Immunity & Inflammation

There’s no denying these are very uncertain times, but one aspect of our lives that remains a constant, is the need to nourish our bodies with real wholesome food. What we eat can have a profound effect on our body and mind and is not to be underestimated.

Our bodies rely on a steady supply of nutrients such as vitamins, minerals, protein, healthy fats and complex carbohydrates in order to adequately function and keep us healthy. Our immune system is a hot topic at the moment with the current Covid-19 pandemic, but one lesser known aspect of immunity is inflammation.

Immunity & Inflammation

Inflammation is a natural response of the immune system and is very useful in acute situations such as an injury, or to help fight off an invader like bacteria, however, low-grade chronic inflammation is something we don’t want. Why?
There is an increasing body of evidence linking inflammation with a host of illnesses such as diabetes, depression, cardiovascular disease, arthritis and even some cancers1. Now more than ever, it’s a good idea to help support our immune system in any way we can. What a lot of people don’t realise is, certain foods promote inflammation while others can have an anti-inflammatory effect.
Research shows that diets which promote inflammation are:

1. High in these foods – sugar, refined carbohydrates, sweets, alcohol, processed meats and fried foods; and

2. Low in these foods – omega-3 fatty acids, fruits, vegetables and whole grains.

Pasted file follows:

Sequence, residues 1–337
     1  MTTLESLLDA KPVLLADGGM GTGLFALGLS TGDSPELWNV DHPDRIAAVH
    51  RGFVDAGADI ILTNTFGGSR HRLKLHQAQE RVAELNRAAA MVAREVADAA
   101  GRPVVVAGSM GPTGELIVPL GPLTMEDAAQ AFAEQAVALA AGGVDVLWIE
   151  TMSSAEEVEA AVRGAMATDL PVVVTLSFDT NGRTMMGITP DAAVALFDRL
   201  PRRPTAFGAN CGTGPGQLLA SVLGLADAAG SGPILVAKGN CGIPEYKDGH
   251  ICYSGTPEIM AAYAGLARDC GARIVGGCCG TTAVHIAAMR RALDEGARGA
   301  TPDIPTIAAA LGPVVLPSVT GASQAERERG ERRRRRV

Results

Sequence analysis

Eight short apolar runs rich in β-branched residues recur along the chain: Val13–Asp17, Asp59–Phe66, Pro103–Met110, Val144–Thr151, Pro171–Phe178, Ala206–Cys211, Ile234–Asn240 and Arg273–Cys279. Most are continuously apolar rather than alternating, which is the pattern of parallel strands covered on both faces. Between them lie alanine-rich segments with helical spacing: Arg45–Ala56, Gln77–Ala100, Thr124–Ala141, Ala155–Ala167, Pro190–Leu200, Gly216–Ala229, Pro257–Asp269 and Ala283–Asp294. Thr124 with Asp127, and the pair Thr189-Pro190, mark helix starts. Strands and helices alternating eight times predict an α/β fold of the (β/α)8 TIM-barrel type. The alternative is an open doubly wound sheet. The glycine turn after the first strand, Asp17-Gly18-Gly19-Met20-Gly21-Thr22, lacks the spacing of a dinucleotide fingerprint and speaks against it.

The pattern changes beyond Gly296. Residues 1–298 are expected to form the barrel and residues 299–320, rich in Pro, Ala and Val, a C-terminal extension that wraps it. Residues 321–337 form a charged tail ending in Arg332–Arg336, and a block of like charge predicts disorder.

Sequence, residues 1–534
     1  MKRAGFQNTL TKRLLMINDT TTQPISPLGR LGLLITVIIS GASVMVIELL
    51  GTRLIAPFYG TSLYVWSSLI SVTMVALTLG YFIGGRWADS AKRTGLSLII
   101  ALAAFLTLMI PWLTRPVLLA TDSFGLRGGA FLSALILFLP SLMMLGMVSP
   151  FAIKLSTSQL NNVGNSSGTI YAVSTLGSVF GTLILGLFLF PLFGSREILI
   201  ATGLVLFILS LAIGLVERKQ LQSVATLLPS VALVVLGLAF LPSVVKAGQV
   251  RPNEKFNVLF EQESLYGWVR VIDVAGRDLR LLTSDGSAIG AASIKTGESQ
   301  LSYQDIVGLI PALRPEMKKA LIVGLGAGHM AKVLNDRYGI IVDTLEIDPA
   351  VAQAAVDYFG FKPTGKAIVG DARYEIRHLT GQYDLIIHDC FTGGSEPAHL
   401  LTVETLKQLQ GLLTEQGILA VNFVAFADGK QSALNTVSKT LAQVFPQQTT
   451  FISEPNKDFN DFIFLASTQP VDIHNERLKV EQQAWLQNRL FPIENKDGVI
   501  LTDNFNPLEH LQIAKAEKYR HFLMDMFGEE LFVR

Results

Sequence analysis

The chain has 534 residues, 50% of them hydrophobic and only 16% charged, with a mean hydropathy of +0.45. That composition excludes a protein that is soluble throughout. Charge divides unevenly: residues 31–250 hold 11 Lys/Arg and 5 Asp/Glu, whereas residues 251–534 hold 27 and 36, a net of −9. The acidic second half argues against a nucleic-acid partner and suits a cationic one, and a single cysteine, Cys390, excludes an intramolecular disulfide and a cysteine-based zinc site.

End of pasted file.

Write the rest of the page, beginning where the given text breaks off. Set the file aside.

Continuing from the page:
What can we do to help ourselves?

Get cooking with some of the below immune supporting foods to help tip the scales of inflammation in the right direction. If you have kids at home, maybe try including them on occasion when cooking. It’s a great opportunity to teach them valuable life skills.


Healthy fats such as oily fish (salmon, mackerel, sardines, anchovies), nuts, avocados, olives & olive oil. These wonderful fats help to lower inflammation, support mood and cardiovascular health. Consider some steamed fish with roasted veggies, homemade guacamole or snack on olives or a handful of nuts.

Choose wholegrains over refined carbohydrates as these still contain vitamins, minerals and fibre which are often eliminated during the refining process. Fibre is important for our digestive health and provides fuel for the good bacteria in our gut. Try switching to brown rice, having some porridge for breakfast or using wholegrain pasta.

Turmeric has been shown to have anti-inflammatory properties so try adding this spice to your cooking. I like it in curries or sprinkled on some homemade sweet-potato wedges.

Hydration shouldn’t be underestimated as dehydration can promote inflammation and fatigue, so try drinking 2 litres of water each day. Add a slice of fresh lemon, lime, cucumber or some mint leaves to jazz it up if you’re struggling. Herbal teas will count towards this and are available in a wide range of flavours so find something that tickles your taste buds.

We know things are tough right now, but remember small changes can make a big difference. Maybe it’s eating more vegetables, or having an extra glass of water each day, but we would encourage you to consider making just one change and that might make all the difference.

Stay safe & keep well,
Jenny White, Beoga Nutrition